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Chasing a theme, is it worth the return?

Sector themed and focused funds invest in one type of asset or in a narrow segment of the market, making these funds more vulnerable to sharp declines if things go wrong. Returns may be good, but risk is high too.

Gold funds on average delivered around 22% return last year and banking sector funds focused on private sector banks and financial services companies delivered around 18% average return. This does seem more exciting than your standard large cap equity diversified fund return. Should you switch then to these higher performing categories? 

Before deciding that, also know that gold funds delivered roughly 3% return in 2017, -8% in 2015 and around -11.5% in 2013. Similarly, Banking sector funds delivered close to 0% returns in 2018 and roughly -8% return in 2015.

Sector themed and focused funds invest in one type of asset or in a narrow segment of the market, making these funds more vulnerable to sharp declines if things go wrong. Returns may be good, but risk is high too.

Such funds hold a cyclical return advantage but you should also know when to enter and exit. In case of gold funds, the category has given negative returns for three out of the last nine calendar years, 10% or lower return for another four and returns above 20% only in the remaining two years. 

The good and the bad

Such funds hold a cyclical return advantage but you should also know when to enter and exit. In case of gold funds, the category has given negative returns for three out of the last nine calendar years, 10% or lower return for another four and returns above 20% only in the remaining two years. 

In case of banking sector funds, returns have been negative in four calendar years since 2011, between 10%-15% in two and above 35% in the remaining three calendar years. Now, unless you know which are the good years in advance (which is impossible!), you may be in for a rude shock as the outperforming calendar years are usually followed by negative returns.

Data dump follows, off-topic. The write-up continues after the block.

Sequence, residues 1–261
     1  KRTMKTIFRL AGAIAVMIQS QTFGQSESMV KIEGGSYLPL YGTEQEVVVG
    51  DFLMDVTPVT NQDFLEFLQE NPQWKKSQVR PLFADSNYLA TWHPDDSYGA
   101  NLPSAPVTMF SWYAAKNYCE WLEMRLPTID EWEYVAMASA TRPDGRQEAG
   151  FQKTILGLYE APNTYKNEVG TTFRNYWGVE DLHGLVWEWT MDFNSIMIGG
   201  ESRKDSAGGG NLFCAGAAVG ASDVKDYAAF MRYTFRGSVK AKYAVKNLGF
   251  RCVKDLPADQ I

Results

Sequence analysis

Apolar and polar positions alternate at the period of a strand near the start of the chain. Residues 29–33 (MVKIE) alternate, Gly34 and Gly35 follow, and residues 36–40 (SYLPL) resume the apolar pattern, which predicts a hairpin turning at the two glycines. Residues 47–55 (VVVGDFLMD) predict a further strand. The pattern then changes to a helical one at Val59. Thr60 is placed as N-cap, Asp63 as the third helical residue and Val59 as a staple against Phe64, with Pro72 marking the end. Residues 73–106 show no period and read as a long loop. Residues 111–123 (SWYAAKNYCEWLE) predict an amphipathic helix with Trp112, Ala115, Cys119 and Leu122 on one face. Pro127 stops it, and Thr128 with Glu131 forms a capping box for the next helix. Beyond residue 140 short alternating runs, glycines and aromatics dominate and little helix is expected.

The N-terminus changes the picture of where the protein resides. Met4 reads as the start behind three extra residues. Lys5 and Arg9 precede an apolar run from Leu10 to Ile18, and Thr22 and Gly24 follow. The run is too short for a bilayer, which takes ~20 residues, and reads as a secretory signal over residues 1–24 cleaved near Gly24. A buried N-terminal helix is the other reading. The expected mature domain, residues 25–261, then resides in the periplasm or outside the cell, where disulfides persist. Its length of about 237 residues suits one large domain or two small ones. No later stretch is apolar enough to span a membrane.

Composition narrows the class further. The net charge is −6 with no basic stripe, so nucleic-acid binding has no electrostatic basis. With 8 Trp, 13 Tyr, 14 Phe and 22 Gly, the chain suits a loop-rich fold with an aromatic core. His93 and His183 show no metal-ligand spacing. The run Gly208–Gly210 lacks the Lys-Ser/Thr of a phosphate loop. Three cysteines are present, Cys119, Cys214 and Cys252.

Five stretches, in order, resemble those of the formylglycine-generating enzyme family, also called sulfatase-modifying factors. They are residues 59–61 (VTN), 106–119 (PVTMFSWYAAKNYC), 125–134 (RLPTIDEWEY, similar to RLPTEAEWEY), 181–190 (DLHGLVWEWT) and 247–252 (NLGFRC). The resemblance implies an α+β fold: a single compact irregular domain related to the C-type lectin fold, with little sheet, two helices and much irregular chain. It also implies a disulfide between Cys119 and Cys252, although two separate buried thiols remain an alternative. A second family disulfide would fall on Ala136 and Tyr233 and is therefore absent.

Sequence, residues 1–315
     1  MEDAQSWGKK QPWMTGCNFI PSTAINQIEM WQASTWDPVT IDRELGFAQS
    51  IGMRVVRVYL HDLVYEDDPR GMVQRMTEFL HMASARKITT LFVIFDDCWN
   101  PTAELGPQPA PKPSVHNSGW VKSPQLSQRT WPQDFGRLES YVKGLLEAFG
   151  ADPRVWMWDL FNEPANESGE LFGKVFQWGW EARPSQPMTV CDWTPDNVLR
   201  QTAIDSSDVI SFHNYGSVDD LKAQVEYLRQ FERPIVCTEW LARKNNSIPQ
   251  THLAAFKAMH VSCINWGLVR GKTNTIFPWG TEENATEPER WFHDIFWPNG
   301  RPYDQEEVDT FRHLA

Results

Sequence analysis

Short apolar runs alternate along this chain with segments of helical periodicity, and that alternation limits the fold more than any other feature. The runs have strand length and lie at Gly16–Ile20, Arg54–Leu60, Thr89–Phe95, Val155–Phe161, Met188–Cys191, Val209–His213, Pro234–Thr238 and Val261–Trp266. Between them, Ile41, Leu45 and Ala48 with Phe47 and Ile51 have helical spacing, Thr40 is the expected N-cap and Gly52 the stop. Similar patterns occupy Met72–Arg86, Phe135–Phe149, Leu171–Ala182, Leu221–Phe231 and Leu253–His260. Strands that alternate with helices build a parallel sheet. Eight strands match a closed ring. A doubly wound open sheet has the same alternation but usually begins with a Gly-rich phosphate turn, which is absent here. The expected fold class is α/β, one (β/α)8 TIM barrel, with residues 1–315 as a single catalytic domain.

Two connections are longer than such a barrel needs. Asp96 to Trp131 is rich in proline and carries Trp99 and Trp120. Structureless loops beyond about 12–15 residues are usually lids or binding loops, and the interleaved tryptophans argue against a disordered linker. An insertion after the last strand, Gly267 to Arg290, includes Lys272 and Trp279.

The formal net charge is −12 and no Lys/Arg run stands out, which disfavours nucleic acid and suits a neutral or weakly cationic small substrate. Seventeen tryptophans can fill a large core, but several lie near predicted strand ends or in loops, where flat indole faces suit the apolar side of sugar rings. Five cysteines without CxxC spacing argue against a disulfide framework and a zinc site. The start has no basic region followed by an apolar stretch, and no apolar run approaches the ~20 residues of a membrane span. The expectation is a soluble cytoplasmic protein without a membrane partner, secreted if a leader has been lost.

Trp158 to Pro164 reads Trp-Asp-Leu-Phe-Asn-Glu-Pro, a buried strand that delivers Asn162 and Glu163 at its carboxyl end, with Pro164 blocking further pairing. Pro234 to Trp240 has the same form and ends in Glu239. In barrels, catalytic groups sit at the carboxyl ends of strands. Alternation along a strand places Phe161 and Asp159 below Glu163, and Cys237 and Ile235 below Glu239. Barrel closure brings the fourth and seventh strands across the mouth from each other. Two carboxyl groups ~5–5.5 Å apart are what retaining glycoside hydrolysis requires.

Diversified equity funds on the other hand, don’t exhibit very high volatility, the choice of stocks from across sectors helps in maintaining consistent returns. For example, in the large cap category funds, there have been two calendar years of negative return since 2011 of which in one year the category average was -1%, 3 years of sub 10% positive return and 4 years of 10% plus return with the highest category average performance of 36% in 2014.

The fewer instances of negative returns and the limited drawdown at -1% in one out of the two years is not random. Diversification in funds helps in limiting losses resulting from cyclical factors which impact specific sectors. Moreover, in a sector fund you are likely to have very high exposure to individual stocks. For example, a banking sector exchange traded fund has 29% in HDFC Bank and 20% in ICICI Bank, hence, a lot of the return from the fund will depend on what these two stocks do. 

The entire idea of investing in a diversified fund to reduce risk is negated when it comes to sector funds as return outcomes are harder estimate. 

What should you do?

Have a balanced portfolio. If you already have good exposure to diversified funds only then should you entertain the idea of adding sector themes but that too only with limited surplus and an exit strategy in place. While you may want to include gold in your investment portfolio, don’t overload it, rather add only as much as required for creating an inflation hedge. 

Your overall investment portfolio should be aligned to your long-term financial objectives, for which high risk and uncertain return themes like sector funds are not useful. Diversified funds with a consistent track record are best suited for a long-term investment strategy given their ability to balance risk in the long run. 

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